By Jonathan Friedman, Associate Editor, Santa Monica Lookout
December 5, 2014 – This week, for the first time, two former Santa Monica elected officials took the oath of office at the State Capitol in Sacramento.
On Monday, Ben Allen began his first term as senator and Richard Bloom started his second term in the Assembly.
With Santa Monica resident Sheila Kuehl beginning her stint as county supervisor also on Monday, the bayside city is well-represented at the higher levels of elected office in California.
The last time both of Santa Monica's district representatives in Sacramento were local residents was in 2008.
Former local school board president Julia Brownley was serving her first term in the Assembly and Kuehl was in her final two years as a senator. Kuehl, however, never held elected office in Santa Monica.
Santa Monica also had both Sacramento houses covered for most of the 1990s. Kuehl sat in the Assembly from 1994 to 2000 and famed left-wing activist Tom Hayden was in the Senate from 1992 to 2000.
Hayden, who never held elected office in Santa Monica, was officially a Los Angeles resident for a brief period during his Senate tenure so he could run for mayor of that city in 1997. He finished in a distant second to incumbent Richard Riordan in that election.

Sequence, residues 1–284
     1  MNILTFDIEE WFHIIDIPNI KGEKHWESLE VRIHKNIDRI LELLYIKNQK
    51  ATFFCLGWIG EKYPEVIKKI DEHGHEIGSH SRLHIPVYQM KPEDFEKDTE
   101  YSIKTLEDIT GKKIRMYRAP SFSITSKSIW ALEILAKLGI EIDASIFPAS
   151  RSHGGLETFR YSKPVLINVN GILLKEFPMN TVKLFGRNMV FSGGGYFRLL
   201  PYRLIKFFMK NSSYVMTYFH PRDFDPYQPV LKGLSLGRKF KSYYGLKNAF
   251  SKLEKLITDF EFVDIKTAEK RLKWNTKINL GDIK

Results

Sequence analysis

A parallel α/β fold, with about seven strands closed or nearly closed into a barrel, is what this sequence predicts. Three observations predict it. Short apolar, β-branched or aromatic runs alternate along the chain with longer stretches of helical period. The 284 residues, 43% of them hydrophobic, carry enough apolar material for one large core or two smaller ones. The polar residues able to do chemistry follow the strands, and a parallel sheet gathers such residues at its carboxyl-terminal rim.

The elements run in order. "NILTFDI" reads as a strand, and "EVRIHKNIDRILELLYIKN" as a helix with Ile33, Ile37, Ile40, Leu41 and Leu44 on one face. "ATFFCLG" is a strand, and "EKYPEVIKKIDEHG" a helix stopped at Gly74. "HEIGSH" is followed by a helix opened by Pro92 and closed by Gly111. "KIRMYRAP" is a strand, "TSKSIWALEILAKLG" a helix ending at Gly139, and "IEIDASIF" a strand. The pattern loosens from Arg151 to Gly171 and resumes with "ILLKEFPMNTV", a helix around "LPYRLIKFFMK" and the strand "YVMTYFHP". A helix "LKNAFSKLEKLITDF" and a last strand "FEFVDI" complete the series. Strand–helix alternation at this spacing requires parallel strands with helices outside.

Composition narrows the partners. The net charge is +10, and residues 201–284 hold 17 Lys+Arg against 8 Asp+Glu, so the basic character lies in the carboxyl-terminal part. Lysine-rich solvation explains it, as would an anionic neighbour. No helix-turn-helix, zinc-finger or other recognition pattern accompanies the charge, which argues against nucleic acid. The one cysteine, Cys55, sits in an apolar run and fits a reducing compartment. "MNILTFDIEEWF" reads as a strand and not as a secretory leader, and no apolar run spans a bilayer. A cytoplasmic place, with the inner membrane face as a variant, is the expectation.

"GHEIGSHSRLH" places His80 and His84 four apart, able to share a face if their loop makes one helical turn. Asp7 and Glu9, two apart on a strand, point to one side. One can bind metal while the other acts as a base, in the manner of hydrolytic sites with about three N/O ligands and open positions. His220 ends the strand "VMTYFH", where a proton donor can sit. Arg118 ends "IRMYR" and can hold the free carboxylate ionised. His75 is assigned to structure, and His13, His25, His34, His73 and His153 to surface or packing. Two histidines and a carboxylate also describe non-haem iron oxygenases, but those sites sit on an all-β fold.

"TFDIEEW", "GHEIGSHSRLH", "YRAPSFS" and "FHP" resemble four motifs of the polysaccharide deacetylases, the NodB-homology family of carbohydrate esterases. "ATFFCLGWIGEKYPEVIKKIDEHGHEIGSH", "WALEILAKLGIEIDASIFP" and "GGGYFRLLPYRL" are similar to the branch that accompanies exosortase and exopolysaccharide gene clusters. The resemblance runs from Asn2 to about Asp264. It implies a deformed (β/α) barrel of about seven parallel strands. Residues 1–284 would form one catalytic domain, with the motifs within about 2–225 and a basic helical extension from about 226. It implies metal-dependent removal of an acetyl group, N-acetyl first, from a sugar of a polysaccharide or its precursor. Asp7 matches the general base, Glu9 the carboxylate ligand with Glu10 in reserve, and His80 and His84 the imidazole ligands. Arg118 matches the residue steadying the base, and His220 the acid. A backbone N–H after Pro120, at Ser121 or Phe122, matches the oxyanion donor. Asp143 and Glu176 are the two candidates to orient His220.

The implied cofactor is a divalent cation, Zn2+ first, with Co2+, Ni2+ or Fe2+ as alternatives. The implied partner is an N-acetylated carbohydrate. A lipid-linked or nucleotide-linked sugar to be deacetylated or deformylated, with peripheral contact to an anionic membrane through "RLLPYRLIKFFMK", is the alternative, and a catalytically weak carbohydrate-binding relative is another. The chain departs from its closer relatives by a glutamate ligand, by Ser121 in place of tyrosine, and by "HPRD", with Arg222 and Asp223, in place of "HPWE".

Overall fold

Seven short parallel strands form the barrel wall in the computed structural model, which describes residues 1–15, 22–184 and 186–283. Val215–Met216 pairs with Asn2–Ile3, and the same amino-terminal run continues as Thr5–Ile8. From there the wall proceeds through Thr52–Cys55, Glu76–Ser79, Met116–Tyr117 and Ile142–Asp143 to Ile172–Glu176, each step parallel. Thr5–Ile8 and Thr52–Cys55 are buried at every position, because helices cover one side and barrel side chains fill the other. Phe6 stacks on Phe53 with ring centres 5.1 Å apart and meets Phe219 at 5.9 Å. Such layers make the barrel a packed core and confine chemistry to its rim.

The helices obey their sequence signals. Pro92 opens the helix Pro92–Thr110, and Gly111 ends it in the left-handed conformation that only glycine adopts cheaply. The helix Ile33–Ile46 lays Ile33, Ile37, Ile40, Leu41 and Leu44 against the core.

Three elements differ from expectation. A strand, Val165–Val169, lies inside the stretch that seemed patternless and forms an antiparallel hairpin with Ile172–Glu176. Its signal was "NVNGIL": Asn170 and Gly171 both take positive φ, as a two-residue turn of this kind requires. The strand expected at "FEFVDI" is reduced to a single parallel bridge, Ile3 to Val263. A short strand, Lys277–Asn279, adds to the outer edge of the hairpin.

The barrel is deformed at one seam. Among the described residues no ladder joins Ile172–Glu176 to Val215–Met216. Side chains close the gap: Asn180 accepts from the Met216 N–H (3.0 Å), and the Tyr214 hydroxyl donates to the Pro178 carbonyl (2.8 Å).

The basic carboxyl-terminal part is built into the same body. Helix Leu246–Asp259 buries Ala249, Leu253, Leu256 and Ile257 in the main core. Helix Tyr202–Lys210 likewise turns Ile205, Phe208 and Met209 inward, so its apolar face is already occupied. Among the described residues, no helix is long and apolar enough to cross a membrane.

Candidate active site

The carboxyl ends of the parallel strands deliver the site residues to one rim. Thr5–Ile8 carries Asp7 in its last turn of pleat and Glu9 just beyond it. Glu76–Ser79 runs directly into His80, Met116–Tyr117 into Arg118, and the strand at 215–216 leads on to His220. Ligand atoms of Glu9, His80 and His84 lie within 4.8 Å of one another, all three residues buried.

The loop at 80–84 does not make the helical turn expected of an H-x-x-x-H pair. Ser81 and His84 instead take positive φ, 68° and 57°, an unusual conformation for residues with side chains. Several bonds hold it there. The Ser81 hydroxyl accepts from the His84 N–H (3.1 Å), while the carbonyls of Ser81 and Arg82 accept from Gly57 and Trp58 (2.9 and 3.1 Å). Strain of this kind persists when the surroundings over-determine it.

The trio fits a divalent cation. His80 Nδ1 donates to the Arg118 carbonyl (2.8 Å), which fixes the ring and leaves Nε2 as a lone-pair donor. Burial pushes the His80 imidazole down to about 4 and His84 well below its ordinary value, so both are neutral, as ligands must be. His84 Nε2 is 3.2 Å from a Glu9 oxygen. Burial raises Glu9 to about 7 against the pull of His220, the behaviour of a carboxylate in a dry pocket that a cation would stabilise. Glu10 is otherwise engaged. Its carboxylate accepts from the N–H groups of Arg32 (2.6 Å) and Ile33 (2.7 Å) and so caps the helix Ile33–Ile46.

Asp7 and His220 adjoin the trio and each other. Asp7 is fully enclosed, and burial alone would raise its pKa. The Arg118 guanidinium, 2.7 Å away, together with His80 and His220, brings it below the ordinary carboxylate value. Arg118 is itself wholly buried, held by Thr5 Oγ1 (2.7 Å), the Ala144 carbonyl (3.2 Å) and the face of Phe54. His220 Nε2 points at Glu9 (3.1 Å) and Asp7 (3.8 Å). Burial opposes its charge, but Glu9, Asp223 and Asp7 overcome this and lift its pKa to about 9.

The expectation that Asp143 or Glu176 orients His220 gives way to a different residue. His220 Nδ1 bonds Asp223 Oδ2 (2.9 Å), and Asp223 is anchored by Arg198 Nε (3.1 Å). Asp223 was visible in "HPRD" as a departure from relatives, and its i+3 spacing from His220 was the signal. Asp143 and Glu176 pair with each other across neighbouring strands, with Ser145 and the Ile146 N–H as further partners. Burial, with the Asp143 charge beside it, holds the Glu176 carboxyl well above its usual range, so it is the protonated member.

Whether Santa Monica will gain extra benefits from having two locals representing the city in Sacramento will be determined during the next two years.
Both the Senate and Assembly districts are large areas covering numerous municipalities and neighborhoods. Allen and Bloom likely do not want to be seen as favoring their hometown.
There is a major difference between the current duo and the one in the 1990s.
Kuehl and Hayden were not involved in local politics prior to heading to Sacramento. Allen and Bloom were groomed for their State government positions at home. They are extremely familiar with the political issues in Santa Monica and the residents’ priorities.
Allen served on the Board of Education for the Santa Monica-Malibu Unified School District, including stints as president, from 2008 until his resignation last month.
The Santa Monica native's political career goes back to his time as a student, including serving as Santa Monica High School's student body president.
Bloom was on the Santa Monica City Council for 14 years prior to his election to the Assembly in 2012. He served as mayor twice.
Allen and Bloom are beginning their terms with significant support from the electorate, at least of those who voted in this year’s low-turnout election (34.83 percent in Santa Monica and 25.2 percent countywide).
Bloom defeated Republican Bradley Torgan by more than 40 percentage points and Allen won what some political observers expected to be a close contest with activist Sandra Fluke by more than 20 percentage points.